This passage is so extraordinary that I want to quote it for later use even if I don’t have the words in me to say anything about it. It was published shortly before the Russian invasion of Ukraine.
Also in the command center: (Ukrainian army battalion commander) Oleksander’s sword and crossbow — a nod to his code name, Witcher, the protagonist in a fantasy novel series by Polish author Andrzej Sapkowski. The Witcher is a hulking man of supernatural ability who uses his powers to slay monsters and mythical beasts.
After lunch, (29 year old Ukrainian Army corporal) Vanya settled onto his bunk bed and flipped open his computer. He slipped on headphones and fired up the next part of his daily routine, one that he considers vital to improving his craft. It was time to play “Call of Duty.”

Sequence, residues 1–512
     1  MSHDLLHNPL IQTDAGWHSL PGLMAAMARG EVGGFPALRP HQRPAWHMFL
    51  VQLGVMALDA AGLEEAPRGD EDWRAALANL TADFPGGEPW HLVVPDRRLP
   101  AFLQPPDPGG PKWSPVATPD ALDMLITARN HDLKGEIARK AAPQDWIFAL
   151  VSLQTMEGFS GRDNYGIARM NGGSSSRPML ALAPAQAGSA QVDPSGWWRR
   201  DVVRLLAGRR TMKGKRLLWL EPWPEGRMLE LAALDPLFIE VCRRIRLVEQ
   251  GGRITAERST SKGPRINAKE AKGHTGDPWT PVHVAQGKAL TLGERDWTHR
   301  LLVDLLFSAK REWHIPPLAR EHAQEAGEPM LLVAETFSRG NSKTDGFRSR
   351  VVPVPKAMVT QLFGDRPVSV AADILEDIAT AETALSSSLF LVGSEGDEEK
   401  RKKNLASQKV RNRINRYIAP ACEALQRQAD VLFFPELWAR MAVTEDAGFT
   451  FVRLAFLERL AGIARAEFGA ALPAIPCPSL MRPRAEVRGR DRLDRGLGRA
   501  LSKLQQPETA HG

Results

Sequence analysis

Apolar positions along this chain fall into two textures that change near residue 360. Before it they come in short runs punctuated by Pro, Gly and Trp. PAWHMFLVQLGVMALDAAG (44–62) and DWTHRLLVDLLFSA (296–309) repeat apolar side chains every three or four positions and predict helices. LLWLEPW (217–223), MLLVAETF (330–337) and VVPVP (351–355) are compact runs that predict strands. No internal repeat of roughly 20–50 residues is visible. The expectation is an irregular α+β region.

The first-person-shooter video game was how he learned the difference between the basic configuration of an AK-47 rifle and an improved one. It showed him the attachments a firearm could have, such as a scope.
“As for my vision of what a fighter should be, it really derives from gaming,” he said. “Earlier, we only used to see the Soviet army. We didn’t have games where we could see, for instance, the Special Forces of the U.S.”
“But now we see all that through a video game,” he added. “I don’t want to be a Soviet moron. I want to be a proper fighter.”Isabelle Khurshudyan, Michael Robinson Chavez, and Whitney Shefte, “In Ukraine’s Trenches: Soviet Relics, Video Games, and Hope for More Western Weapons,” The Washington Post, 15 February 2022 https://www.washingtonpost.com/world/interactive/2022/ukraine-russia-front-line/